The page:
A year after Donald Trump became President in 2017, the United States’ Immigrations and Customs Enforcement (ICE) has deported more Nigerian immigrants than it did in 2016. Trump rode into the White House on the wings of strong “America for Americans” rhetoric. It was suggested that immigrants would be made to leave the country enmasse, but the number of people who have been forcefully deported is actually dropping, except for Africans.
Mexicans, and persons from other South American countries, were the brunt of his attacks during the campaign for the 2016 elections and the reactions to many of comments were furious.
For the top 10 African countries on ICE’s list, deportation has become much realer than a wave of sentiment, removals jumped by 140% to 1815 people removed in 2017, from 756 in 2016
Emigration is viewed by many Nigerians as an opportunity more than anything else. Among the list of choice destinations, America ranks high, along with the United Kingdom and much of Europe.
London has always held more appeal than New York, thanks to the old colonial relationship and proximity.
After the Mutallab incident, the US systemically tightened restrictions on immigration from Nigeria, especially young and middle aged Muslim men.
President Trump’s “shithole comments” regarding immigrants from unspecified countries in Africa, took the whole by storm. But they were not too surprising considering the reputation that his bigoted rants have built on his behalf.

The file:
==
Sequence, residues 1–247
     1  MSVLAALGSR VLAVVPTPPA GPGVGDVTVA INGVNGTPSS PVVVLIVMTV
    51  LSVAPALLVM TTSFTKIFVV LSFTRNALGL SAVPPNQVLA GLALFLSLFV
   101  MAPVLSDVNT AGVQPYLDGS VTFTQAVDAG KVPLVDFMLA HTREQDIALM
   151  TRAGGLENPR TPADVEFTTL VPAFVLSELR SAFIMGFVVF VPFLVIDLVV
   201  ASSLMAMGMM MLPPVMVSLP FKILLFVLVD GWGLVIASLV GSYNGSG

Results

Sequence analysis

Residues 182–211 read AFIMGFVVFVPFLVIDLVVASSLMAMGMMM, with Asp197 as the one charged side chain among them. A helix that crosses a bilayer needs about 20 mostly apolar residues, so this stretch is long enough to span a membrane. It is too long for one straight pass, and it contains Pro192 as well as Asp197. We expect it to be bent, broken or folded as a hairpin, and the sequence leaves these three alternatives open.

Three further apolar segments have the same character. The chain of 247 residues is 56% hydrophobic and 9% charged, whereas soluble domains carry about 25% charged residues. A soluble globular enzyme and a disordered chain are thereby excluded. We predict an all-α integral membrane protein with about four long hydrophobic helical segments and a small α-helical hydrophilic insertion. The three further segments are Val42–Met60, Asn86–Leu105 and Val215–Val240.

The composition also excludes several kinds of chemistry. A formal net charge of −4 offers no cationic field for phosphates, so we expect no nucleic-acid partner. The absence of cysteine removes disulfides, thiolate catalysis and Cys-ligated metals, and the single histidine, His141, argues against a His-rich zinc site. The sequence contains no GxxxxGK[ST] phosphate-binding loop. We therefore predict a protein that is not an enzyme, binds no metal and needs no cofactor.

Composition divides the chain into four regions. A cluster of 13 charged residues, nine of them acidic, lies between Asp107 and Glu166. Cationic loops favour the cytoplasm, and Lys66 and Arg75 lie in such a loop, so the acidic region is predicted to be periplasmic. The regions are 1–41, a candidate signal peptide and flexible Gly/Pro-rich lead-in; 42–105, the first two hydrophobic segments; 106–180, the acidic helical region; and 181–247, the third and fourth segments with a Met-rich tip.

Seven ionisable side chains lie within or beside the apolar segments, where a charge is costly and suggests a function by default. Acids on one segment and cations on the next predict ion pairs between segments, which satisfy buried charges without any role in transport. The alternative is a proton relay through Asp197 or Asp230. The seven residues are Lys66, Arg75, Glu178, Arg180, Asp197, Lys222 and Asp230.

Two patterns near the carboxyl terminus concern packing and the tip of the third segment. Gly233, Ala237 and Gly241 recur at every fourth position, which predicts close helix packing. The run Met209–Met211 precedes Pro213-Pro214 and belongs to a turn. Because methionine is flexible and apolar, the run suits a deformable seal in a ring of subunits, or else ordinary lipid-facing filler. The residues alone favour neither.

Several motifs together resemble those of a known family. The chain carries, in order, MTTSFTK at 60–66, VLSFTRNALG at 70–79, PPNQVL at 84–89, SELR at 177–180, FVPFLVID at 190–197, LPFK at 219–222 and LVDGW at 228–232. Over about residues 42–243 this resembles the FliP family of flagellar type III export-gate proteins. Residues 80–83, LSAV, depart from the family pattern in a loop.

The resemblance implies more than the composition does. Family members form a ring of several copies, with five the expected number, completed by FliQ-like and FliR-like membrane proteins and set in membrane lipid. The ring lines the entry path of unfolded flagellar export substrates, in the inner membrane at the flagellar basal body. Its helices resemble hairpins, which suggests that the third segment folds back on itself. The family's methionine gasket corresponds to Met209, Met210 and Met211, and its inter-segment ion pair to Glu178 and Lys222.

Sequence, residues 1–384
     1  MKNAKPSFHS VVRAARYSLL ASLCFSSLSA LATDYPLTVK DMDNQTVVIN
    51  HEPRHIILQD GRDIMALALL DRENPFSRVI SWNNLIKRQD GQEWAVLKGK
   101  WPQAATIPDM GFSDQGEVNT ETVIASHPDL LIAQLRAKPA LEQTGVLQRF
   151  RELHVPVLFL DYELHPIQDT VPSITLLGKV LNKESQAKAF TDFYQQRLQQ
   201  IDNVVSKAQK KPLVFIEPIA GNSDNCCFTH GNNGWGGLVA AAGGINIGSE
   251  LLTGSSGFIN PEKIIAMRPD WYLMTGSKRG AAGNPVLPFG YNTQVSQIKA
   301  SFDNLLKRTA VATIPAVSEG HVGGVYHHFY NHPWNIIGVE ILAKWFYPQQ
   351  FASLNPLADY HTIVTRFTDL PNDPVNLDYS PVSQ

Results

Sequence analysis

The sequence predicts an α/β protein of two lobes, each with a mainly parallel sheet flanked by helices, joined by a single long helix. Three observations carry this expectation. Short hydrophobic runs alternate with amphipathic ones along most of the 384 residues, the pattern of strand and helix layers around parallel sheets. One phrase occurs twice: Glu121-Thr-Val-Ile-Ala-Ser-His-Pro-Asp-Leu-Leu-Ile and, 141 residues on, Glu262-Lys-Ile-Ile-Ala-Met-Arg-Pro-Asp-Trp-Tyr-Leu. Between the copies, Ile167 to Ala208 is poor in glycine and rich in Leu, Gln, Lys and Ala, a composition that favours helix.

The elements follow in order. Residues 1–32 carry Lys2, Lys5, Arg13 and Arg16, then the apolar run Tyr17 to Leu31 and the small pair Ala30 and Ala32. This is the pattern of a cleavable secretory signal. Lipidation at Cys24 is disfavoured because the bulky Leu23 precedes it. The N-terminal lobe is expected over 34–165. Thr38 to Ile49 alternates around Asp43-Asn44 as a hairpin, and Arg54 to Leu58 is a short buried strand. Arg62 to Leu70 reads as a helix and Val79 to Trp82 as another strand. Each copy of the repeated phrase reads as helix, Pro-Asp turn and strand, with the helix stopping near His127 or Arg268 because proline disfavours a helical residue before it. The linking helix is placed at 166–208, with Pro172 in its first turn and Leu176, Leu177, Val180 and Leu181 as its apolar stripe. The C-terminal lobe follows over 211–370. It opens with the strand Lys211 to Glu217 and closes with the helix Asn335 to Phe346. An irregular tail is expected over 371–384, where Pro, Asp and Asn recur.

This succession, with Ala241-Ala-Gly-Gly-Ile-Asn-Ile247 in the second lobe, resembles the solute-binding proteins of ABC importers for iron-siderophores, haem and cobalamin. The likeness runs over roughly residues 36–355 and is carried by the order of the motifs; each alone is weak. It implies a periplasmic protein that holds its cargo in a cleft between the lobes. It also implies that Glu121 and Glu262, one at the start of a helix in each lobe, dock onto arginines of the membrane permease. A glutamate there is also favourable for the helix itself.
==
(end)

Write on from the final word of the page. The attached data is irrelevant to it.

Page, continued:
Many African leaders may have been tempted to think it was another iteration of his typical loud mouth but now, the numbers from his administration are implying he is willing to back these words up with action.
In 2017, 312 Nigerians were forcefully removed from the United States, as against 242 persons in the previous year.
This is on top of more stringent visa rules.
The new disposition towards Africans has many worried. It is only natural that Nigerians, eyes set on the outside, are turning to other parts of the map.
In the last decade, Ukraine has become a choice spot for educational tourism. Instead of carefully-planned trips across the Pacific, Nigerians are camping near the Horn of Africa, at enclaves in Zanzibar and Mauritius, on holiday.
With Brexit looming and Europe’s stronger stance against immigration from Africa, inspired by nationalist leanings, the possibility of chasing greener pastures outside the continent is getting slimmer for Nigerians, and the continent.
It makes an already present burden all the more urgent; most Nigerians leave due to less than ideal conditions; a poor standard of education, unemployment and rabid corruption in both public and private life.
Nigeria’s population is expected to increase by over 50% in the next 20 years and with that, its problems will be amplified.
The country already sputters under the pressure of ethnic tensions and a struggling economy. How it prepares for this inevitable future will determine its integrity in coming years.
As it stands, going out to seek fortune and security is out of reach of the average Nigerian. The people will need the country to give them a shot, if they are to take one at making a life here too.